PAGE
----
Joseph Robert Toahty, who was half Pawnee and half Kiowa, established notable records for Native Americans during his service in the U.S. Coast Guard (USCG). Toahty was born in Oklahoma in 1919. He inherited the name Le-Tuts-Taka (meaning “White Eagle”) from his Pawnee ancestor Chief White Eagle, who had served as a U.S. Army scout both during and after the Civil War.
After graduating from the Haskell Institute for Native Americans in Lawrence, Kansas, Joseph R. Toahty worked as a carpenter at the Army base at Fort Sill, Oklahoma. He also served in the Kansas National Guard. In June 1941 – six months before the U.S. entry in World War II – Toahty enlisted in the USCG. A few months after the outbreak of war, he was deployed to the southwest Pacific and in the process became the first person of Pawnee descent to go to sea. Toahty had six brothers who likewise served in the U.S. military. He later noted, “At one time, my mother had a son in every branch of the service.”
A letter that Toahty wrote from the Pacific Theater to friends in Oklahoma was published in the Pawnee Courier-Dispatch newspaper in the fall of 1942. “I’m O.K. and still kicking salt water (Thank Heavens),” wrote Toahty. “Tell all the folks that I’m O.K. and tell them hello for me also.” He added, “I just wish I could tell you all of the foreign lands and ports I’ve been to and seen, which are plenty, but censorship forbids.”
Toahty’s wartime activities included taking part in the Battle of Guadalcanal between August 1942 and February 1943. This military campaign, which took place on and near the island of Guadalcanal, was the first major land offensive by Allied forces in their fight against the Empire of Japan. As a USCG machinist mate, Toahty helped operate vessels transporting troops and supplies onto the beaches of Guadalcanal. Toahty’s role in this historic battle made him the first Native American to both serve in a major U.S. naval offensive operation and set foot onto enemy territory during World War II.
Toahty nearly lost his life on several occasions as a result of the Battle of Guadalcanal. At one point, a Japanese shell exploded in a foxhole where he had sought shelter. The explosion blasted Toahty out of the foxhole and killed six of the seven men who were in there with them. After being treated at a field hospital, he was able to quickly return to active duty.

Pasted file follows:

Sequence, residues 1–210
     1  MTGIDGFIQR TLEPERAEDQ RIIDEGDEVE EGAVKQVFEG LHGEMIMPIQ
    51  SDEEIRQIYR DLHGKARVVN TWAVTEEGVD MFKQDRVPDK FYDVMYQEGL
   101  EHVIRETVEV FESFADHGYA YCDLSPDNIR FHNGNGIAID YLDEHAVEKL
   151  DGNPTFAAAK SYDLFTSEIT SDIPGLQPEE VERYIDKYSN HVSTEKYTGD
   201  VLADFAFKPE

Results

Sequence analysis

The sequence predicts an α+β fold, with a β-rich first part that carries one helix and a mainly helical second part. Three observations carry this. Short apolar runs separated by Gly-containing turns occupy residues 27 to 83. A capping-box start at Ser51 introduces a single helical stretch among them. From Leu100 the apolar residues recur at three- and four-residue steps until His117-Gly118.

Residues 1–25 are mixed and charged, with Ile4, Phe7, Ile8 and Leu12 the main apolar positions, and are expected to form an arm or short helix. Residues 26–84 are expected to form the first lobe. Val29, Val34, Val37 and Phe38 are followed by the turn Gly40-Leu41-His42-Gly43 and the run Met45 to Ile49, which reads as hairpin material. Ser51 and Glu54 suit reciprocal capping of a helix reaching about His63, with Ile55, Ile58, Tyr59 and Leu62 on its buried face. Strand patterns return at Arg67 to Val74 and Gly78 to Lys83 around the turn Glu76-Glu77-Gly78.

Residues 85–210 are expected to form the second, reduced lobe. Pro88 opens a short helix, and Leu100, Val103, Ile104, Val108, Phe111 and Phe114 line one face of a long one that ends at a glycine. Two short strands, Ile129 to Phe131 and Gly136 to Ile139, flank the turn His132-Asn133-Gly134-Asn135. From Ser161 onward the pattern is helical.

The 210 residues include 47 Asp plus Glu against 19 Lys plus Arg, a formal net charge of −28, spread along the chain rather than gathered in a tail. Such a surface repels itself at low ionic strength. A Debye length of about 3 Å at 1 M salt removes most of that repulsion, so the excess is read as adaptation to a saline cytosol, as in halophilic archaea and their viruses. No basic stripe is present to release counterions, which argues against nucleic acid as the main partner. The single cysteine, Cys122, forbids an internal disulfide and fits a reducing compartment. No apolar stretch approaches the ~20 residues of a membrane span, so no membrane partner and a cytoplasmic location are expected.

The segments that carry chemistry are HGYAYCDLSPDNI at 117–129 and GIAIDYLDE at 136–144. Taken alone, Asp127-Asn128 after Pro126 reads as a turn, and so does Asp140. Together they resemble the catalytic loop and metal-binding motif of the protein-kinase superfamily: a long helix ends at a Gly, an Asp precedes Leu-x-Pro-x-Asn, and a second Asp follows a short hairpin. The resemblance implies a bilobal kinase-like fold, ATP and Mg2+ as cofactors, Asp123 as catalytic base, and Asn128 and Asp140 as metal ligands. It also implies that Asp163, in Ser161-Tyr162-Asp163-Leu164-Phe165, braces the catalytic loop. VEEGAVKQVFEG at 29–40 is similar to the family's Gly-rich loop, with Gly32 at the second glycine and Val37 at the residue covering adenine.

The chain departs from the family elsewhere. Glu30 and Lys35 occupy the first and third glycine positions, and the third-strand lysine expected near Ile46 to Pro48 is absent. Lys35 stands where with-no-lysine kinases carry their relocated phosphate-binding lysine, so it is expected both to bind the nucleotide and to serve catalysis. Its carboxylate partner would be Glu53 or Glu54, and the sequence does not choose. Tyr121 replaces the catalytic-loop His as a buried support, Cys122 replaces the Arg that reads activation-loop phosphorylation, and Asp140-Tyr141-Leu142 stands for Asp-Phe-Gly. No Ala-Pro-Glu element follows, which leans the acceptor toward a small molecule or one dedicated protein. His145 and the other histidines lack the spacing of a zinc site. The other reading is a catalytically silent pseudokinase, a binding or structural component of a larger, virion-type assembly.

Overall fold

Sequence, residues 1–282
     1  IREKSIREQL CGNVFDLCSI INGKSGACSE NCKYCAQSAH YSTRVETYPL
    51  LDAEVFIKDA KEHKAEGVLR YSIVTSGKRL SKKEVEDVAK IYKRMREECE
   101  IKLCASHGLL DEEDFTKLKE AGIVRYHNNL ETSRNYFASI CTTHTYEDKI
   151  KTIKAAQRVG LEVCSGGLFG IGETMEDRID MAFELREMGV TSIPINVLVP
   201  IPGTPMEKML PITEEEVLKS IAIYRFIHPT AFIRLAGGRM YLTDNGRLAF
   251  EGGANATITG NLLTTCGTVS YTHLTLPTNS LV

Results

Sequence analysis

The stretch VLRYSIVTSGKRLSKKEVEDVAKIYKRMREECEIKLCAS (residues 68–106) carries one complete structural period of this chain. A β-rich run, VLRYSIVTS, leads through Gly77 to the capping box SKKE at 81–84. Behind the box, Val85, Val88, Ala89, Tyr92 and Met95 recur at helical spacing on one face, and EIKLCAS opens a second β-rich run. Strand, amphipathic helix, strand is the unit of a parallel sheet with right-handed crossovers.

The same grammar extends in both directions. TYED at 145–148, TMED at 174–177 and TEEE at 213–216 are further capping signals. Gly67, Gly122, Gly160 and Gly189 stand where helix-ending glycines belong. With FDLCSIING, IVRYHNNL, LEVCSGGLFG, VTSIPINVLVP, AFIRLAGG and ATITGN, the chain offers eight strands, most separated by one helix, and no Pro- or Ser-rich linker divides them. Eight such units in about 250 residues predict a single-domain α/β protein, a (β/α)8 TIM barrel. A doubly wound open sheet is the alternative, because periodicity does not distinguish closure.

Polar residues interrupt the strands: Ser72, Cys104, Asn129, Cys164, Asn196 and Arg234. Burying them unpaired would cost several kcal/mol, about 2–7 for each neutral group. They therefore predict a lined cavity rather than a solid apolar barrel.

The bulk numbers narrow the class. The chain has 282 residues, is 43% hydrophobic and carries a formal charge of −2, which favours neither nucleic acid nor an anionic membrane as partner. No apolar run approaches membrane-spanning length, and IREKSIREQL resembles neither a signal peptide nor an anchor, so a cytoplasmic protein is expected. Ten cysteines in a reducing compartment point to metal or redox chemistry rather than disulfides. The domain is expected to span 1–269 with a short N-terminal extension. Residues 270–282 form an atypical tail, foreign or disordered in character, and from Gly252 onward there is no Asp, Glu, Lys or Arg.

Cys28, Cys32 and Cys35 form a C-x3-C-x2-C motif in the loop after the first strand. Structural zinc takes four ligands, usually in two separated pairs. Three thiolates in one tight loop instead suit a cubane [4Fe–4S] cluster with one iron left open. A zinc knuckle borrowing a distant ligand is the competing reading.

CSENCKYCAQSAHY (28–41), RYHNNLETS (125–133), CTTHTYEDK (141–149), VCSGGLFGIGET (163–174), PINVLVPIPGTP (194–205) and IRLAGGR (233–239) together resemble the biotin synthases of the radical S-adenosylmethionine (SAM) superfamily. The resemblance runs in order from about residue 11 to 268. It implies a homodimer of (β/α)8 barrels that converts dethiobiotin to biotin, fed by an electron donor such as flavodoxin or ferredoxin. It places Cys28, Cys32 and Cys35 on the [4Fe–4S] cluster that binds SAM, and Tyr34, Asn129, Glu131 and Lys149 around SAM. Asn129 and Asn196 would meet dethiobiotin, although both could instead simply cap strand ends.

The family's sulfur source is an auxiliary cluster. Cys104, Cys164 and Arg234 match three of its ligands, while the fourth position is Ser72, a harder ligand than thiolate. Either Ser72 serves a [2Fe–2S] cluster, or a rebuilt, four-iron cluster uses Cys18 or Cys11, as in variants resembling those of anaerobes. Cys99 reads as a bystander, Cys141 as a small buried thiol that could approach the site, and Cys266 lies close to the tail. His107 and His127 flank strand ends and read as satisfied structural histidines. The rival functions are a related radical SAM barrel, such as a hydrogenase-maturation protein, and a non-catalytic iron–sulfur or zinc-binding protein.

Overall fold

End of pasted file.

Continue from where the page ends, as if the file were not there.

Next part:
As with many other servicemen taking part if the Battle of Guadalcanal, however, Toahty contracted malaria. His case of malaria was especially severe, resulting in multiple recurrences and hospitalizations. It was because of these ongoing health challenges that Toahty was transferred back to the United States after 16 months in the Pacific Theater. He subsequently served in several USCG units stateside. As a widely acknowledged war hero who was awarded an Asiatic-Pacific campaign ribbon with four stars for valor in the face of danger, Toahty traveled extensively across the U.S. to participate in war bond promotion tours. He completed what the Pawnee Chief newspaper called his “long and faithful service” in the USCG in 1945.
Nearly four decades later, Toahty was finally awarded the Purple Heart that he had earned because of his injuries from that explosion in the foxhole on Guadalcanal. “I consider myself proud to be an American and nothing else can stand in the way of that,” said Toahty at the time he was given that long overdue military decoration. Toahty died in Oklahoma City in 1997 at the age of 77.
Photo Credit: U.S. Coast Guard
For more information on Joseph R. Toahty, please check out https://www.maritime-executive.com/editorials/joseph-toahty-pawnee-warrior-of-guadalcanal